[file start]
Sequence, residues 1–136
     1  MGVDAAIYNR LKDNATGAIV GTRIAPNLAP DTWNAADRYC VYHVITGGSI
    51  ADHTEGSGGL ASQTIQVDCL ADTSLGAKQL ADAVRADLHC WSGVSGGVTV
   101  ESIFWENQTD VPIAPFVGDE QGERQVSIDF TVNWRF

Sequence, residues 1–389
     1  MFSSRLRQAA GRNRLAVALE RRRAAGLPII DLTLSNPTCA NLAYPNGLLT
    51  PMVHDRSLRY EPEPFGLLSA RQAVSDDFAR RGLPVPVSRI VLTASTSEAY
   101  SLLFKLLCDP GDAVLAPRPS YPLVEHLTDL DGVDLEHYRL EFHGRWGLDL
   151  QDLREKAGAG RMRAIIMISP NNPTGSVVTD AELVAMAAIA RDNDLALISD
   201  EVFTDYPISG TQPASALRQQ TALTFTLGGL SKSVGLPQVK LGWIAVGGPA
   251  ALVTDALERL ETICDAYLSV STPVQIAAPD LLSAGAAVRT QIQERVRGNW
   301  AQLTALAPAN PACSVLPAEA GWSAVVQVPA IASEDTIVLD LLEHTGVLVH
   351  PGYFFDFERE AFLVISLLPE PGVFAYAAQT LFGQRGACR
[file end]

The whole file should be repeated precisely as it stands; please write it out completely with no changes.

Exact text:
Sequence, residues 1–136
     1  MGVDAAIYNR LKDNATGAIV GTRIAPNLAP DTWNAADRYC VYHVITGGSI
    51  ADHTEGSGGL ASQTIQVDCL ADTSLGAKQL ADAVRADLHC WSGVSGGVTV
   101  ESIFWENQTD VPIAPFVGDE QGERQVSIDF TVNWRF

Sequence, residues 1–389
     1  MFSSRLRQAA GRNRLAVALE RRRAAGLPII DLTLSNPTCA NLAYPNGLLT
    51  PMVHDRSLRY EPEPFGLLSA RQAVSDDFAR RGLPVPVSRI VLTASTSEAY
   101  SLLFKLLCDP GDAVLAPRPS YPLVEHLTDL DGVDLEHYRL EFHGRWGLDL
   151  QDLREKAGAG RMRAIIMISP NNPTGSVVTD AELVAMAAIA RDNDLALISD
   201  EVFTDYPISG TQPASALRQQ TALTFTLGGL SKSVGLPQVK LGWIAVGGPA
   251  ALVTDALERL ETICDAYLSV STPVQIAAPD LLSAGAAVRT QIQERVRGNW
   301  AQLTALAPAN PACSVLPAEA GWSAVVQVPA IASEDTIVLD LLEHTGVLVH
   351  PGYFFDFERE AFLVISLLPE PGVFAYAAQT LFGQRGACR